For example, the Bone and Joint Center at Magee-Womens Hospital of UPMC used PCVS to identify the true cost of primary total hip and knee replacement surgery by resource type (personnel, space, equipment and consumables) during the full cycle of care (30 days pre-surgery to 90 days post-surgery) and by segment of care (pre-hospital, hospital and post-hospital). The OR accounted for the largest portion of the overall cost at 58% and 51% for total hip replacement and total knee replacement, respectively. Implants and personnel accounted for the second largest portion of the overall cost at 53% and 44% for total hip and total knee implants, respectively; and personnel accounted for 44% and 50% of the overall cost for THR and TKR, respectively. The cost of space and equipment for the 4-month bundle accounted for only 3% and 5% of the overall cost of THR and TKR, respectively.

The Bone and Joint Center has also used PCVS to compare the total joint replacement bundles for five surgeons at two urban hospitals and one community hospital, as well as outpatient vs. inpatient hip replacement. The analysis showed large variations in the care pathways, resource costs and total costs. PCVS showed preoperative testing protocols, time in the OR, types of personnel used, protocols for follow-up visits, discharge disposition (to home vs. to nursing facilities or rehabilitation centers) and the number of outpatient therapy sessions were also highly variable. This study shows high-impact opportunities for reducing total costs and variation across bundles tightly couples clinical and financial performance, and highlights areas for process improvement and exporting best practices. 

Using PCVS as its operating system has prepared the Bone and Joint Center to be a pilot site for the CMS bundling program and positioned it to participate in any new care delivery models in the future.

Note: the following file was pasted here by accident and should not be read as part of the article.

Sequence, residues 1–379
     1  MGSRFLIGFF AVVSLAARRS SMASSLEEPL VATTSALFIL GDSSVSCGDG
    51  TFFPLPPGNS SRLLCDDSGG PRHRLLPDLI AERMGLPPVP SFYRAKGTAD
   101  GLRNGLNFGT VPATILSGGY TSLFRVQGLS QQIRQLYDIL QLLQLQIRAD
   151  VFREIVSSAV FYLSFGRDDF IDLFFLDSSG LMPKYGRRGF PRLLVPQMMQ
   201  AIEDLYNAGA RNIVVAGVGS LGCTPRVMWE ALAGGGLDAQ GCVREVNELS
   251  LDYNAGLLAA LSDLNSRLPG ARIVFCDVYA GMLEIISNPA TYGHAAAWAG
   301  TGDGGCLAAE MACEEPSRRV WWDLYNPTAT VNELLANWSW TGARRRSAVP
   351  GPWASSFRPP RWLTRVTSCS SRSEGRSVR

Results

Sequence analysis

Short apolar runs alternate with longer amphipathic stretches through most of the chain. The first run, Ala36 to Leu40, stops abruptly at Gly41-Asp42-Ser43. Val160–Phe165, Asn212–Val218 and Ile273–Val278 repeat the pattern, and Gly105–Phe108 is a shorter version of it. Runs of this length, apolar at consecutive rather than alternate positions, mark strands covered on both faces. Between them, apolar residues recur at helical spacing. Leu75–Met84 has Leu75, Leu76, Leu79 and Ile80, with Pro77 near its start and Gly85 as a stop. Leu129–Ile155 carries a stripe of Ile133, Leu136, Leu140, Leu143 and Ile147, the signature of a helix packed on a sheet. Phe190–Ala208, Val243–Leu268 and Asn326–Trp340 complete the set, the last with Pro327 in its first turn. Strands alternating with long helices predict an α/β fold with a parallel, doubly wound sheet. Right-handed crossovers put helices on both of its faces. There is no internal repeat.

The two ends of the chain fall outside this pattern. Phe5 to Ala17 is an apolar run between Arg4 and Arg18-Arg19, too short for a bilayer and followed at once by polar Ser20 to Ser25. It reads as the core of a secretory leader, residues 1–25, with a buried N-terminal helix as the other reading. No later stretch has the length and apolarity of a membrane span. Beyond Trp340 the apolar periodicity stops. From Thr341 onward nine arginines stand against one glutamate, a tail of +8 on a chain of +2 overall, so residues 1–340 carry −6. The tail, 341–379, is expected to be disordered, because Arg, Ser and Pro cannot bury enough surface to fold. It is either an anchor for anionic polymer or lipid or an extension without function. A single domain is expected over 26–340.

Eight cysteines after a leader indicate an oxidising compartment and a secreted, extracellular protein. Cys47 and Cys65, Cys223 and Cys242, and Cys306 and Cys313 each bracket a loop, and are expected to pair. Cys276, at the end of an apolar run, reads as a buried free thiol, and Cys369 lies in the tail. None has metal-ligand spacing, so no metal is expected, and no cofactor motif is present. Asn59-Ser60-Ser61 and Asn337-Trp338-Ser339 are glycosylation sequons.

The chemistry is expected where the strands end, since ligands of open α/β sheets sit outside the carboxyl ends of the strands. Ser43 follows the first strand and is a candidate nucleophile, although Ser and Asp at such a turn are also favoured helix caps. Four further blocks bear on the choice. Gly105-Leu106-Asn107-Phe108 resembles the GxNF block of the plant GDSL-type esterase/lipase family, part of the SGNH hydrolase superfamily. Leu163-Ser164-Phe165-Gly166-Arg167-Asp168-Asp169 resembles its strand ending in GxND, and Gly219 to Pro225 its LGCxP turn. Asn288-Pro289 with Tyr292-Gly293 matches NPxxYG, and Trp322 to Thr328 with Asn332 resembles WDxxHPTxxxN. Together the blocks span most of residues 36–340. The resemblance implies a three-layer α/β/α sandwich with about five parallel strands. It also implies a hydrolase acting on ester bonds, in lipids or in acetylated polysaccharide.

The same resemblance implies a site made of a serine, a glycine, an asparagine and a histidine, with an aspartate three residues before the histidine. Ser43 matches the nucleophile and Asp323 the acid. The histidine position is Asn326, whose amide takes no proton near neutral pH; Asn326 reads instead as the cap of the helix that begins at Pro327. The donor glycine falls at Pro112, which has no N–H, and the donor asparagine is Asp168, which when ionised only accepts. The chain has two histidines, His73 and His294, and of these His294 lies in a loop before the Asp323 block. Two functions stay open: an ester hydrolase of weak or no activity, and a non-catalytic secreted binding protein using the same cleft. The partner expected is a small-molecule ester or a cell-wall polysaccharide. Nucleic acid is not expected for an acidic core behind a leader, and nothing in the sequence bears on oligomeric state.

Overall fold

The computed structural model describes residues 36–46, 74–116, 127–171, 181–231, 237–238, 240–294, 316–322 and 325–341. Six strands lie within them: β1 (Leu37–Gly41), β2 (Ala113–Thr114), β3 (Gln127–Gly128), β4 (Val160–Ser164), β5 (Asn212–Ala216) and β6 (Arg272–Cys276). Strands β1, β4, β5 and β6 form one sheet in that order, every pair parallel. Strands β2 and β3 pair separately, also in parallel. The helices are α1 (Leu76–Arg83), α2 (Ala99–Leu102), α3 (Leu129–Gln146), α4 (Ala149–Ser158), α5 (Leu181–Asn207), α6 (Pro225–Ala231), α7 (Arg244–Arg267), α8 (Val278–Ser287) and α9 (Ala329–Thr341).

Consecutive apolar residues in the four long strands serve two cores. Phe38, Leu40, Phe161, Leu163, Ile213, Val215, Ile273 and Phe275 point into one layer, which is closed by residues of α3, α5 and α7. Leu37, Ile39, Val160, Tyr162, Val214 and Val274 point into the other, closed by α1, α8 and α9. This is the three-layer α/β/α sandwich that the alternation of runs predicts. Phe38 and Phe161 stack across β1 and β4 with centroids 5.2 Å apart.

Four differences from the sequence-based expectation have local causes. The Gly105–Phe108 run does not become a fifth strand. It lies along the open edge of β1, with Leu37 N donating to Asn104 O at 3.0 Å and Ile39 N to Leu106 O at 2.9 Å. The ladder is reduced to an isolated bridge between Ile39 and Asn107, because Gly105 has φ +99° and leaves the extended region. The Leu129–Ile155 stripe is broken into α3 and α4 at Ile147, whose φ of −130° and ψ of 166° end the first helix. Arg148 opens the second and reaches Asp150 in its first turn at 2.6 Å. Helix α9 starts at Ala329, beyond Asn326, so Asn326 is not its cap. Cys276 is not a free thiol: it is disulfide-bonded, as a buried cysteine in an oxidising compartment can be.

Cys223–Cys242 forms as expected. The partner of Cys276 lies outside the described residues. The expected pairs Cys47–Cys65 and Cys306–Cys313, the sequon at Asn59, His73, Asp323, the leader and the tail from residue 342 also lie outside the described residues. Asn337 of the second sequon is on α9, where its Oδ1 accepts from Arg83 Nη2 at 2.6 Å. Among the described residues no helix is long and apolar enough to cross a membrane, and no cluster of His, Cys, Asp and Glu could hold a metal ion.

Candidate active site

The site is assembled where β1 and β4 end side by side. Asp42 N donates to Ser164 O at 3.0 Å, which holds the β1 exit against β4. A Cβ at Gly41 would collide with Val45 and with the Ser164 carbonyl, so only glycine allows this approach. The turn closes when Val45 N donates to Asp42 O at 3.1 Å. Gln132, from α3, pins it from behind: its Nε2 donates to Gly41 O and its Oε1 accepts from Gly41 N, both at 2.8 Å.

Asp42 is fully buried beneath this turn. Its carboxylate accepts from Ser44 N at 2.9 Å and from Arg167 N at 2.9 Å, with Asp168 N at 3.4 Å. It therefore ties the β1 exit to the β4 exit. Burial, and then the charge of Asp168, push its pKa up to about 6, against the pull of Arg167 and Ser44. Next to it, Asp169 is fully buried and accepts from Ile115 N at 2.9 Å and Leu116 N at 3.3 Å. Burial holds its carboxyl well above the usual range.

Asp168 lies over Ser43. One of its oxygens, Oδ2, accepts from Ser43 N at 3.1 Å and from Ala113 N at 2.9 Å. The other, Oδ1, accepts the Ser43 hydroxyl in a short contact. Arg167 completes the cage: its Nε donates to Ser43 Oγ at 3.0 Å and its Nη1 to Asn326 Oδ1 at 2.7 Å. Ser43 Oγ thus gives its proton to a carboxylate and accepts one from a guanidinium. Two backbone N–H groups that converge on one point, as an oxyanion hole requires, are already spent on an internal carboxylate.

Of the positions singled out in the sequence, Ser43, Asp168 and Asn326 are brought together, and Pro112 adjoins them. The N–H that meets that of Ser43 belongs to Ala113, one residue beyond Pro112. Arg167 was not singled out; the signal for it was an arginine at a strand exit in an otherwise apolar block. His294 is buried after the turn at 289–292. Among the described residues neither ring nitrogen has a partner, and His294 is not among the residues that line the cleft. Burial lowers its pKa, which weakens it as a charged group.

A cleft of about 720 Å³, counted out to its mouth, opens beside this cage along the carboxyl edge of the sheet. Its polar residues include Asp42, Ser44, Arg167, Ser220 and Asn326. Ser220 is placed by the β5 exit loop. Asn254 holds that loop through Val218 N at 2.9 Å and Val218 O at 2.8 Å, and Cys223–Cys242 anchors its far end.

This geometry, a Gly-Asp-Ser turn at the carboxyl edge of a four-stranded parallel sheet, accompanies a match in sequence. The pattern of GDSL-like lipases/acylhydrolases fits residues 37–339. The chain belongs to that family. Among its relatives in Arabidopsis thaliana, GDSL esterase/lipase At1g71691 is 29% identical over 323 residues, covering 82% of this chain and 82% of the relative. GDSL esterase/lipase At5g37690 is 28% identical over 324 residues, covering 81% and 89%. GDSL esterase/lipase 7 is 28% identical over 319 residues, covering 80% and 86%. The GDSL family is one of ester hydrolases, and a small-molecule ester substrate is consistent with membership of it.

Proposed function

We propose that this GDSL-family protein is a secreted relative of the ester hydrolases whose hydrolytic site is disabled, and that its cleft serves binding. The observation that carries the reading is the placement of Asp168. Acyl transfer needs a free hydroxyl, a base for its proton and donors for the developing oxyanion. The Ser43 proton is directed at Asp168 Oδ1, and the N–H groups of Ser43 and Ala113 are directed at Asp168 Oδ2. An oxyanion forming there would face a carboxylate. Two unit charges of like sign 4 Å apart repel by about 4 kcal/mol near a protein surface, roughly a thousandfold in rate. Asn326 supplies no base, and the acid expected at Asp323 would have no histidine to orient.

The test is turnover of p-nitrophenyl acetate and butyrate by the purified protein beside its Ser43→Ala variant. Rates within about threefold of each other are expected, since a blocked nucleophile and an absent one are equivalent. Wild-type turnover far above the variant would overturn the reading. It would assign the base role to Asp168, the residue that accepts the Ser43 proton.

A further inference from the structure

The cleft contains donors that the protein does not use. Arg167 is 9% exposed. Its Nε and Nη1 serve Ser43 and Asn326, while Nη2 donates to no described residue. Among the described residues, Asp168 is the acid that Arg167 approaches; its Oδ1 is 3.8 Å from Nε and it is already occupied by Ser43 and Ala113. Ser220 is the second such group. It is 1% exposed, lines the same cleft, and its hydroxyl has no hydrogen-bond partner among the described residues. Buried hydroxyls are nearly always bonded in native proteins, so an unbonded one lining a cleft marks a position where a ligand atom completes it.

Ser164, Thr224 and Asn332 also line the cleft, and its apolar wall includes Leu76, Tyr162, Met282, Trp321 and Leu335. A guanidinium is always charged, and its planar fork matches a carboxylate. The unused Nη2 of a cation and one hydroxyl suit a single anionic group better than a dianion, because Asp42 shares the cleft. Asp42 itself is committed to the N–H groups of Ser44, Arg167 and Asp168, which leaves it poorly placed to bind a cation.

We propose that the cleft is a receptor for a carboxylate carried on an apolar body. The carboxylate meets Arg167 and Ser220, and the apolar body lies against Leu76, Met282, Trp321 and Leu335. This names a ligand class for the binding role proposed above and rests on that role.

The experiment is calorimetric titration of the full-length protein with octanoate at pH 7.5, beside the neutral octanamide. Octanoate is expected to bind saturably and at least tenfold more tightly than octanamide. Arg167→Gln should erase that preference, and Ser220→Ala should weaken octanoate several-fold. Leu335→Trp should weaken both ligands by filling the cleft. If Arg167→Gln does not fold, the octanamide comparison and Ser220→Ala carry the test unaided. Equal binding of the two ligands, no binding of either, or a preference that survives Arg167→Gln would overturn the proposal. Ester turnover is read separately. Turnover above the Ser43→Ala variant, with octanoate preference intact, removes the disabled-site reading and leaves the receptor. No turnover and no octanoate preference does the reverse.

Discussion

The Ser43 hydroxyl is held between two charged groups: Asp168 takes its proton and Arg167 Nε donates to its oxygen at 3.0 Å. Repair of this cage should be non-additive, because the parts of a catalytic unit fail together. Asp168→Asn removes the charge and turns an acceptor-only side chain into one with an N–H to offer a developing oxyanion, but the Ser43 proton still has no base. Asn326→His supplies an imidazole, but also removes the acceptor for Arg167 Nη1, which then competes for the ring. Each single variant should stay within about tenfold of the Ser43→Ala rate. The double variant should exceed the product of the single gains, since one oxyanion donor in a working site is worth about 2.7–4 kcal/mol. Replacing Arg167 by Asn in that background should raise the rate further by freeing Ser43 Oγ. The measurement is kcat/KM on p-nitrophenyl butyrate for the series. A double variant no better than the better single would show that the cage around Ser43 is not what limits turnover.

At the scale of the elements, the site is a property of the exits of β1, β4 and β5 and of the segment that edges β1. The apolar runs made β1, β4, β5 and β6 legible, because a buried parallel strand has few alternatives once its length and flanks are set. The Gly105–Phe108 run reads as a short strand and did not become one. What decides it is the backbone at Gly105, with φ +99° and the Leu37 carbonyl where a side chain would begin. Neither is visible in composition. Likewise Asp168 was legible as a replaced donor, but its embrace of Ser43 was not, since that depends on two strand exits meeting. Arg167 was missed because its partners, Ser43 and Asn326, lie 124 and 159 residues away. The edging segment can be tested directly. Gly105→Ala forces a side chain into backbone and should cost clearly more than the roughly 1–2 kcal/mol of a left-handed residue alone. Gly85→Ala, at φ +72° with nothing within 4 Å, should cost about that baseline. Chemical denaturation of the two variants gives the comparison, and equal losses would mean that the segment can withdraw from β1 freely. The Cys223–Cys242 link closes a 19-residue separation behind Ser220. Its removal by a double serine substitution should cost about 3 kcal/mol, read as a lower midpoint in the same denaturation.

“Health care professionals,” Lindsey said, “have often been unable to connect the industrial methodologies of process improvement to their work without a sense that they are losing the essence of why they became clinicians in the first place … [This book] offers clinicians and medical institutions a continuous performance improvement methodology that has its roots in the values of good clinical practice.”

According to a comment by orthopedic surgeon Steve F. Schutzer, MD, who is medical director of Connecticut Joint Replacement Institute, in The Patient Centered Value System: Transforming Care Through Co-Design, “The spiraling costs of health care and diminishing value for organizations, patients and families requires a new, transformative approach to health care delivery. PCVS is the answer to lowering costs, improving clinical outcomes, and increasing the patient and family care experience ...”


DiGioia AM, Shapiro E. The Patient-Centered Value System: Transforming Healthcare Through Co-Design. Boca Raton, FL: Taylor and Francis/CRC Press; 2018.



For more information:

Anthony M DiGioia III, MD, is the medical director of the Bone and Joint Center and The Innovation Center at Magee-Womens Hospital of the University of Pittsburgh Medical Center. He developed the patient centered value system, a comprehensive relationship-based approach that combines shadowing, a patient-centered process improvement and team building tool, and a true cost tool based on Time Driven Activity Based Costing. He can be reached at email:

Eve Shapiro, is principal at Eve Shapiro Medical Writing Inc. She writes on topics of patient safety, patient-centered care, physician-patient partnership, medical ethics, and medical error prevention and disclosure for audiences ranging from researchers and clinicians to patients and families. She can be reached at email:

Disclosures: DiGioia and Shapiro report no relevant financial disclosures.